Israel’s War Destroyed Gaza’s Health Care System – Interview with Dr. Ghassan Abu-Sittah


This interview originally published on the Rosa Luxemburg Stiftung international website

The war unfolding in the Gaza Strip since the Hamas attack on 7 October 2023 has subjected its 2 million residents to a level of destruction unprecedented in the region’s history. Whether homes, hospitals, or schools, nothing has been spared by Israel’s near-continuous bombings, with the UN estimating that over 60 percent of all homes are damaged or destroyed, along with 84 percent of health facilities.

Few know the extent of the damage to Gaza’s health facilities better than Dr. Ghassan Abu-Sittah, a London-based, British–Palestinian reconstructive cosmetic surgeon who entered Gaza on 9 October through the Rafah crossing before it was shut down, and spent 43 days there, experiencing the human costs of the war first-hand.

Dr. Abu-Sittah made headlines earlier this month when he was banned from entering Germany to participate in the Palestine Conference in Berlin, a pro-Palestinian gathering that faced an extraordinary police presence and was ultimately shut down two hours after it began. Prior to the ban, he spoke with Sari Harb of the Rosa Luxemburg Foundation’s Ramallah Office about his experiences in Gaza and what the people there need to rebuild.

Dr. Abu-Sittah, you arrived in Gaza on 9 October, after the fighting had already begun. How did you manage to get in?

It was on Monday, 9 October. I was waiting in front of the Rafah border crossing at 8:00 in the morning, an hour in advance. When it opened at 9:00, I went in, and it was obvious that the crossing was empty. The usually prolonged process took very little time.

The decision, as was the case in 2014, was that I would be staying at my uncle’s house, which is about a 10-to-15-minute walk from al-Shifa Hospital in the Rimal district of Gaza City. I took a cab from Rafah to my uncle’s house. Within half an hour of getting there, I realized that the entire neighborhood was evacuating. The streets were full of families with their children, luggage, and mattresses. They were running away. The Israeli army had phoned people and told them to evacuate their homes, as they would be targeting Rimal.

I decided not to go my uncle’s house. Instead, I went to my cousin’s house, which is closer to the hospital. When I arrived there, the intense bombing started. Every couple of minutes, the house was shaking from the bombs. By that night, there were 350 air raids on Gaza City. I was trapped in the house until early Tuesday.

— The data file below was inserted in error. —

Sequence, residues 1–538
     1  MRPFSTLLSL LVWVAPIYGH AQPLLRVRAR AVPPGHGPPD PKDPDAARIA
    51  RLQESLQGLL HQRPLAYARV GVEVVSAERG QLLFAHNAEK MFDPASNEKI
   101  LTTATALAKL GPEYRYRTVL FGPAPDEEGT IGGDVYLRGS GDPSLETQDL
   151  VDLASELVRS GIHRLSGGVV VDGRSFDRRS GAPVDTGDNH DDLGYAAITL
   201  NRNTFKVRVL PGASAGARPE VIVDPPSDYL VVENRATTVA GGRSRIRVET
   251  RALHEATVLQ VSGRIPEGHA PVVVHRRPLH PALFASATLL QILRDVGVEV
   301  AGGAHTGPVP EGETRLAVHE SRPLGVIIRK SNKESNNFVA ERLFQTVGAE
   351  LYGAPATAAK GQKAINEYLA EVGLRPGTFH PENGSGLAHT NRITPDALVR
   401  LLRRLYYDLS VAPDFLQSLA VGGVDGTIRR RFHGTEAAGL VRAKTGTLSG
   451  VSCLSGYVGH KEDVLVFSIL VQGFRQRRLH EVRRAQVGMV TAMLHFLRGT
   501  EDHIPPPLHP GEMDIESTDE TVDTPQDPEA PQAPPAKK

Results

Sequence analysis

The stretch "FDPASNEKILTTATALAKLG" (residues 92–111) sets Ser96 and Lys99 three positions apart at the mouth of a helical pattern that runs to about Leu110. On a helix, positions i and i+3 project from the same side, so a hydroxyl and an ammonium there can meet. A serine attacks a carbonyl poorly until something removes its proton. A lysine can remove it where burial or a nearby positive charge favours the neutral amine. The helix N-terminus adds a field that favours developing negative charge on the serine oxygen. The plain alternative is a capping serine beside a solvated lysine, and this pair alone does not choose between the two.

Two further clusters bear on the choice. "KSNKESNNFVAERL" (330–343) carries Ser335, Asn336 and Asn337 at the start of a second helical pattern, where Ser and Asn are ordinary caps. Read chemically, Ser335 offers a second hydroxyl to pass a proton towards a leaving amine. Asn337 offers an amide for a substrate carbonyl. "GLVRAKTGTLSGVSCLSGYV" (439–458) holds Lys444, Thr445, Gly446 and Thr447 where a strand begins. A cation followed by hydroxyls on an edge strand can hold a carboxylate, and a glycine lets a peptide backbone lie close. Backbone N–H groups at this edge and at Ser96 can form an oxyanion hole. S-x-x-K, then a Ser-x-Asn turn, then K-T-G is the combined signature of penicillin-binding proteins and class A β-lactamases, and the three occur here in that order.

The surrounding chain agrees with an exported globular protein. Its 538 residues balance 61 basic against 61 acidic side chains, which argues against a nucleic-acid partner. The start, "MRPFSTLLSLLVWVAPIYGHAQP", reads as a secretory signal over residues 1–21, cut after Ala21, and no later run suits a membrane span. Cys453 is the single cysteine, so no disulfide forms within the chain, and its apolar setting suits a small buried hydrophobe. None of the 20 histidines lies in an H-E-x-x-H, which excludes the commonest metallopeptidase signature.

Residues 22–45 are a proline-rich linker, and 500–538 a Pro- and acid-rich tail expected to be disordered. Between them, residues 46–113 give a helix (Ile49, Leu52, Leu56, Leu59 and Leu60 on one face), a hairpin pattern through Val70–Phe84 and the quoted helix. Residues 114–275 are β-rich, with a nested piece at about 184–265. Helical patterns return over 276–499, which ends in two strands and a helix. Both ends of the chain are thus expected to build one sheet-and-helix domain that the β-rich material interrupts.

On Tuesday morning, there was a lull in the bombing, and I thought it would be a good time for me to try to get back to my uncle’s house, grab my belongings, and go to al-Shifa Hospital. I decided to walk there. It was at that time that I realized the intensity of what had been happening. Entire streets had been completely demolished. There were craters as large as 15 meters in the street. I had never seen such destruction, let alone in one night.

The amount of damage was excruciating. After walking around the different craters in the streets, I got to my uncle’s house. It was very badly damaged. I managed to find my suitcase under the rubble, and went to al-Shifa Hospital by foot. I got to al-Shifa in the morning, on 10 October.

Looking back six months later, what was the situation at the hospital like in October?

It was obvious that the hospital was under a lot of pressure. Ambulances were coming every minute, each had four or five wounded. The hospital was completely overrun. I joined the hospital’s burn unit, which is where the plastic surgery department is. The Gaza Strip has, at most, 2,500 hospital beds. By the middle of the second week of the war alone, there were 6,500 wounded. So, you can imagine the speed with which the beds were completely overwhelmed.

Injured people were being put on mattresses in the emergency roomleft on the floors of the corridors and in waiting rooms. Eventually, there were mattresses outside of the hospital buildings where the wounded were kept. The Health Ministry set up these big marquee tents, which were also turned into wards.

A second Israeli raid against the hospital ended in its total destruction on 1 April. What impact will that have on Gaza?

The al-Shifa Hospital constituted 30 percent of the capacity of the health system in the Gaza Strip. By destroying it to this extent, the Israelis have made it irreparable, so a new hospital now needs to be built. This ensures that Gaza does not have a functioning health system and becomes uninhabitable.

You left Gaza after 43 days of war. Why?